Characterization of citB in the methylcitric acid cycle of Bacillus subtilis 168 ; and, characterization of antimicrobial activity in the mucosal epithelial layer and gill tissue of largemouth bass (Micropterus salmoides)

UNCG Author/Contributor (non-UNCG co-authors, if there are any, appear on document)
Sherona R. Sirkisoon (Creator)
The University of North Carolina at Greensboro (UNCG )
Web Site:
Jason Reddick

Abstract: Bacillus subtilis 168 is a gram-positive, aerobic, rod shaped bacteria that has the ability to undergo sporulation when under nutritional stress. There is an incomplete understanding of the metabolic pathways in B. subtilis 168 during sporulation. Characterizing the metabolic pathways of B. subtilis is important for understanding the sporulation process in pathogenic bacteria including B. anthraces (anthrax), for understanding cell differentiation of stem cells, and for maximizing biotechnological applications of B. subtilis 168. In this study, we hypothesize that citB, the only know aconitase in B. subtilis 168, can convert 2-methylaconitate to 2-methylisocitrate in the methylcitric acid cycle. This is an important step missing from the methylcitric acid cycle encoded by the mother cell metabolic gene (mmg) operon. In this study we utilized an overall approach involving purified citB protein, HPLC coupled to UV-VIS, and LC-MS to show that the citB protein can convert 2-methylaconitate to 2-methylisocitrate. We have also shown that a previously uncharacterized 2-methylisocitrate lyase (yqiQ) from B. subtilis 168 can convert the citB product 2-methylisocitrate to succinate and pyruvate, thus completing the methylcitric acid cycle. This study confirmed our hypotheses regarding citB and yqiQ and also achieved the first in vitro reconstitution of a complete methylcitric acid cycle from B. subtilis. There is little known about the biochemistry of largemouth bass (Micropterus psalmodies), especially the antimicrobial properties that may be present in the outer mucosal layer of the skin and gills as an initial defense against bacteria, protozoa and fungi. Understanding the antimicrobial properties of the small antimicrobial peptides in largemouth bass is important for the development of new antibiotics for potential use in humans and for decreasing the mortality rates of largemouth bass handled in recreational and tournament fishing, as well as those captured and released for studies by state wildlife management agencies. It is hypothesized that the skin secretions and gills of largemouth bass contain a small, cationic, amphipathic peptide that prevents initial infection from microorganisms present in the environment. In this study, we have tested the hypothesis with in vitro experiments through the use of disc diffusion assays on Escherichia coli K12 and Bacillus subtilis 168 bacteria and liquid growth assays using Staphylococcus aureus. Results of this study show that there is antimicrobial activity in the gills of largemouth bass. We will also report ongoing efforts toward isolating and characterizing the components responsible for this antimicrobial activity.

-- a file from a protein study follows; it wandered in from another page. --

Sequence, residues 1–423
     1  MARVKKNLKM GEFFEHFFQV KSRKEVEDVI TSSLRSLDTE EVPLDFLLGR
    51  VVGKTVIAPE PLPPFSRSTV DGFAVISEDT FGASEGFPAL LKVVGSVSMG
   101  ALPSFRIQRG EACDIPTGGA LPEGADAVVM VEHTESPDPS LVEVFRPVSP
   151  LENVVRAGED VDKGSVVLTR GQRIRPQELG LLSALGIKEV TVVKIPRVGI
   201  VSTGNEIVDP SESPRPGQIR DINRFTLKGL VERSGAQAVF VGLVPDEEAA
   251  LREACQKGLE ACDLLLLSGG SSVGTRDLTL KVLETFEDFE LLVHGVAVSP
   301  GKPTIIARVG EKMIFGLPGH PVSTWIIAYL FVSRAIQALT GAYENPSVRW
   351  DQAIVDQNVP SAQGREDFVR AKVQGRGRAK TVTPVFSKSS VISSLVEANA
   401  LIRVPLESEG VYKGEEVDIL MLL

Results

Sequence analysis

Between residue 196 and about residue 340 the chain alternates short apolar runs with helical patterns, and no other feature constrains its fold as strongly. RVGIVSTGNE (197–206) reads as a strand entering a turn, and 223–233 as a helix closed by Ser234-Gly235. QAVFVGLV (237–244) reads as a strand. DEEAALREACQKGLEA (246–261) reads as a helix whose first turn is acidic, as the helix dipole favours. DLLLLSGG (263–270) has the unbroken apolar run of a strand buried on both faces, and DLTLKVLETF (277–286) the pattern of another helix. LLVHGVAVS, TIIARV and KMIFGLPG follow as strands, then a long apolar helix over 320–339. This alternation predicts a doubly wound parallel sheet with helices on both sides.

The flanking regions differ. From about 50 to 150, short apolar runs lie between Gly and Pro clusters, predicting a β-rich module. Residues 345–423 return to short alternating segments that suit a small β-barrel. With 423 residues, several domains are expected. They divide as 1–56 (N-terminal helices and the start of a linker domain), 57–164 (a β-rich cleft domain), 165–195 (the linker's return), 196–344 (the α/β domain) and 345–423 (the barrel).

Additional Information

Language: English
Date: 2014
Antimicrobial peptide, Bacillus subtilis 168, CitB, Fish Gills, Largemouth Bass, Methyl Citric Acid Pathway
Bacillus subtilis
Microbial metabolism
Largemouth bass $x Microbiology

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